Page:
UN Committee urged Pakistan to protect freedom of expression and fight impunity
The UN Human Rights Committee has published its Concluding Observations regarding the situation in Pakistan. The experts called for the State to guarantee the rights to freedom of expression and privacy, and to end impunity.
The UN Human Rights Committee has published its findings on the civil and political rights record in Pakistan following the review that took place on 11 and 12 July in Geneva. In its Concluding Observations, the UN body prompted the State to “ensure that imprisonment is never a punishment for defamation and that criminal laws are not improperly enforced [against] journalists and dissenting voices.”
The Committee further called for the State to review its legal provisions relating to freedom of expression, “including Article 19 of the Constitution, the rules applicable to the PEMRA [Pakistan Electronic Media Regulatory Authority] (Amendment) Act 2007, and the Code of Conduct for programs and advertisement for broadcast media and distribution services, with a view to putting in place effective oversight mechanisms and procedural safeguards and bringing them in line with Article 19 of the Covenant.”
Although the Committee welcomed some new legislation and measures already taken by the State Party, it regretted the lack of implementation, particularly regarding the protection of minorities and women. Journalists and human rights defenders were also defined as vulnerable groups by the Committee: in addition to the legal restrictions they face, they are also often victims of harassment, intimidation, disappearances and murder. The Committee demanded that these cases be “promptly and thoroughly” investigated and the perpetrators brought to justice. The State should, in other words, “intensify its efforts to ensure a safe and favourable environment for the work of journalists, lawyers and human rights defenders.”
Blasphemy laws, to which the recommendations about freedom of religion refer, have been reported to have a negative impact on the right to freedom of expression. The Committee asked the State to repeal or amend them, “in compliance with the strict requirements of the Covenant, including as set forth in general comment No. 34.”
Right to Privacy
Earlier this month, during the review, the Committee expressed its concerns about how Pakistan intends to combat electronic crimes. According to the experts and civil society organizations, the Prevention of Electronic Crimes Act 2016 gives overly broad powers to the State, compromises data security, and undermines the right to privacy. In its Concluding Observations, the Committee asked Pakistan to ensure independent and effective oversight over any institution that would be able to limit human rights.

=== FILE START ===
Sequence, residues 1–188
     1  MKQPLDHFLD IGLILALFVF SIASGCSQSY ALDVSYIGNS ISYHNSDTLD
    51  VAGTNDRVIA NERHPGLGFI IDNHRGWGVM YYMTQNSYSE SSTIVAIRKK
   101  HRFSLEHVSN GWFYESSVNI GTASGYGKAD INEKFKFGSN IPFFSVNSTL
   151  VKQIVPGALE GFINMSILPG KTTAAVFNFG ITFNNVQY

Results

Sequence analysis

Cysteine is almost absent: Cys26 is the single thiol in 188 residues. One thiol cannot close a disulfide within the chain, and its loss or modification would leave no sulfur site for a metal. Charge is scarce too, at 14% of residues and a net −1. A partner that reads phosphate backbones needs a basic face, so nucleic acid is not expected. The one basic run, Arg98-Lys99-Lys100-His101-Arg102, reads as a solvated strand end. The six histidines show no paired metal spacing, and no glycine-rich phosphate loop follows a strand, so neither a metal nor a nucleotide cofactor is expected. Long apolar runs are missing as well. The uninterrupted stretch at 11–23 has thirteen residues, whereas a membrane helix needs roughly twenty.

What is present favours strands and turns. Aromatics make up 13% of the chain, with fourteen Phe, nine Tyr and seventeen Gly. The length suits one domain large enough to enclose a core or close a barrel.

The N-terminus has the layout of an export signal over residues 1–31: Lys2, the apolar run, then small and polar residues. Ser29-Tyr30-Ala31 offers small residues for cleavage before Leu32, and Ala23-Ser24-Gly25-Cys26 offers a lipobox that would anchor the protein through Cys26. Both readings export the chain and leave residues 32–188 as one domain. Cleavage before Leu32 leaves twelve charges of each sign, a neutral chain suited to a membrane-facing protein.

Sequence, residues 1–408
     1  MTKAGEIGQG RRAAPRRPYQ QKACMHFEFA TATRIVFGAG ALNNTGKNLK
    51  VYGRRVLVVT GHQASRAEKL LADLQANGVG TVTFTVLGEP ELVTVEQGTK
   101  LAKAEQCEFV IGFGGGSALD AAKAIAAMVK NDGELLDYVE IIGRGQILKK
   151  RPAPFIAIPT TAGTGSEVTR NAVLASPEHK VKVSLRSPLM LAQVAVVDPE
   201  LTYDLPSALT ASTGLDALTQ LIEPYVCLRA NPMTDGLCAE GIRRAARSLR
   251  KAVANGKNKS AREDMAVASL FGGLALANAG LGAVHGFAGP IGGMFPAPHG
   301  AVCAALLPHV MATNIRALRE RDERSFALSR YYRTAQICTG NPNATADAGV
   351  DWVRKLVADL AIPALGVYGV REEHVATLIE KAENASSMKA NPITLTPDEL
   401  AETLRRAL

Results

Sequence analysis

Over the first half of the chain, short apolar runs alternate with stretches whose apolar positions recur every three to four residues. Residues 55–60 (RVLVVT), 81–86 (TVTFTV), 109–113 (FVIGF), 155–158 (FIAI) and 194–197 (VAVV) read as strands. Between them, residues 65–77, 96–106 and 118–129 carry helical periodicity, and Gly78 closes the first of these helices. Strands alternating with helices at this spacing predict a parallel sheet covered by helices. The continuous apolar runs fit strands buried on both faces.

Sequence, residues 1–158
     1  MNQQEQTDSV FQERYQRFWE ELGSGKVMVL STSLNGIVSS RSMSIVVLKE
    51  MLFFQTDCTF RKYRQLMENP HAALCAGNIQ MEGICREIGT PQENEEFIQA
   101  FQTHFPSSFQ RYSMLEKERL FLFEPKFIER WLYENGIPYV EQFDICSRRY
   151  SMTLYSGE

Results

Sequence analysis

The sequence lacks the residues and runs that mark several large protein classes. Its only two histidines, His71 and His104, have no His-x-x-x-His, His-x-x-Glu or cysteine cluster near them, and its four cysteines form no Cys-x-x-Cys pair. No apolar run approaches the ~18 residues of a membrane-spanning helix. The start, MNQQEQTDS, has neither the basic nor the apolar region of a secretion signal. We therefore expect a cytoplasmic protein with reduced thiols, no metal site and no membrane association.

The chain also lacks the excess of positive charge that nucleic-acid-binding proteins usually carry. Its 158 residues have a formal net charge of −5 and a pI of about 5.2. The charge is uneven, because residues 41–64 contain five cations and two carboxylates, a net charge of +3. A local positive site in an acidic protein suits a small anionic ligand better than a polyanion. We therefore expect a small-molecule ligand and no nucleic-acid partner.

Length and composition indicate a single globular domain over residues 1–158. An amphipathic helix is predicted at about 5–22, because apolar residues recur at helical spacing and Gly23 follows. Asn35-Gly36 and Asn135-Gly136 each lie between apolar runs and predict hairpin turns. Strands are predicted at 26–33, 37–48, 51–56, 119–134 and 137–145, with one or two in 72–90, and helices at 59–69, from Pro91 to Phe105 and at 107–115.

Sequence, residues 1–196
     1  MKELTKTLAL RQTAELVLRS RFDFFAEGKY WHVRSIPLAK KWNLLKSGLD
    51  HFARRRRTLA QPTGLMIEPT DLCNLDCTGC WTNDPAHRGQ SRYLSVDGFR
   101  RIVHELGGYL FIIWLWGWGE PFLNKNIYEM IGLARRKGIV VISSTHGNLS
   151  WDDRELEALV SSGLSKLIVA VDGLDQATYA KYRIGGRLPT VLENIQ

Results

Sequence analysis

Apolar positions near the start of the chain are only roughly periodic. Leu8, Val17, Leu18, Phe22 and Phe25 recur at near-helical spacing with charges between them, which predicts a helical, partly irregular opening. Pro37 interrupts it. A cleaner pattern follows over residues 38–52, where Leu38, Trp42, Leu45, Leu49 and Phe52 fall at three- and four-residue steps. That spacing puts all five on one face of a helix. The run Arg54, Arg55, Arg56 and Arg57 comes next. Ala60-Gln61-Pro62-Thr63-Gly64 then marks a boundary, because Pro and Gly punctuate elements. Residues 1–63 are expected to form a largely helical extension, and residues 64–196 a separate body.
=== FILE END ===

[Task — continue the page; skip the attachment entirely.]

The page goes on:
It also urged the State to “review its legislation on data collection and surveillance, in particular, the Prevention of Electronic Crimes Act 2016, to bring it in line with its obligations under the Covenant,” and stressed that the State should also “review its laws and practice of intelligence sharing with foreign agencies to ensure its compliance with the Covenant; [and] review all licensing requirements which impose obligations on network service providers to engage in communication surveillance, particularly in relation to indiscriminate data retention.”
The Committee also insisted that Pakistan “adopt a comprehensive data protection law in line with international standards.”
Other Issues of Concern
In addition to these recommendations, the experts put particular focus on death penalty, enforced disappearances, extrajudicial killings, and freedom of religion when they requested the State Party to “provide, within one year […] information on the implementation of the recommendations made by the Committee” on these topics. The only specific case named in the recommendations was that of Mashal Khan, an emblematic case which exemplifies the impunity and fair trial issues faced in Pakistan, particularly when the allegation of blasphemy is involved.
The UN Human Rights Committee is a body of 18 independent experts that monitors the implementation of the International Covenant on Civil and Political Rights (ICCPR) by the 169 States Parties. This Covenant was adopted by the United Nations General Assembly on 16 December 1966 and came into effect on 23 March 1976. Pakistan, however, has only been bound by the Covenant since it ratified it in June 2010.
The State of Pakistan must submit a second report for review by 2020, after which the Committee will follow-up on its initial recommendations and reassess the situation in the country.